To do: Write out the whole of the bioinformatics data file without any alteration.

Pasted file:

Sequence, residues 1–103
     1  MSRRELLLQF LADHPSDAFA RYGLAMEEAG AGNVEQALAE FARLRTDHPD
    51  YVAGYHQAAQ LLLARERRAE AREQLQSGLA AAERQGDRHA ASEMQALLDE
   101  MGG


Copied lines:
Sequence, residues 1–103
     1  MSRRELLLQF LADHPSDAFA RYGLAMEEAG AGNVEQALAE FARLRTDHPD
    51  YVAGYHQAAQ LLLARERRAE AREQLQSGLA AAERQGDRHA ASEMQALLDE
   101  MGG